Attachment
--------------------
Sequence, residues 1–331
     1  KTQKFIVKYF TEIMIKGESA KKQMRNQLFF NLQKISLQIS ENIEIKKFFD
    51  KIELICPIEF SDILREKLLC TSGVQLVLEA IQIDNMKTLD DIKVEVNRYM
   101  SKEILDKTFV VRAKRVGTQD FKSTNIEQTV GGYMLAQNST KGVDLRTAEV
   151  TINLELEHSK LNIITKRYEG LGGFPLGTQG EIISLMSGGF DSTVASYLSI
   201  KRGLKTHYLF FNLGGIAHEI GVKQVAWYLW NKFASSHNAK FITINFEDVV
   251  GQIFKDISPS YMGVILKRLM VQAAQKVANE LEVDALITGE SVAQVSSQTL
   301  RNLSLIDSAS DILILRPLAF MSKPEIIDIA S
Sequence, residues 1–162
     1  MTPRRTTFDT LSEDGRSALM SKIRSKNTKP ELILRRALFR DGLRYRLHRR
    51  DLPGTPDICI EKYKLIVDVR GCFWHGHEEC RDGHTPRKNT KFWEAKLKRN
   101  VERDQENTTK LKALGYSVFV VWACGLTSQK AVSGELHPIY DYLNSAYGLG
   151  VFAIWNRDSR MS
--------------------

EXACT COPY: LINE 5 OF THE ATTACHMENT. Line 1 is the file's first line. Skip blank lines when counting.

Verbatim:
   151  TINLELEHSK LNIITKRYEG LGGFPLGTQG EIISLMSGGF DSTVASYLSI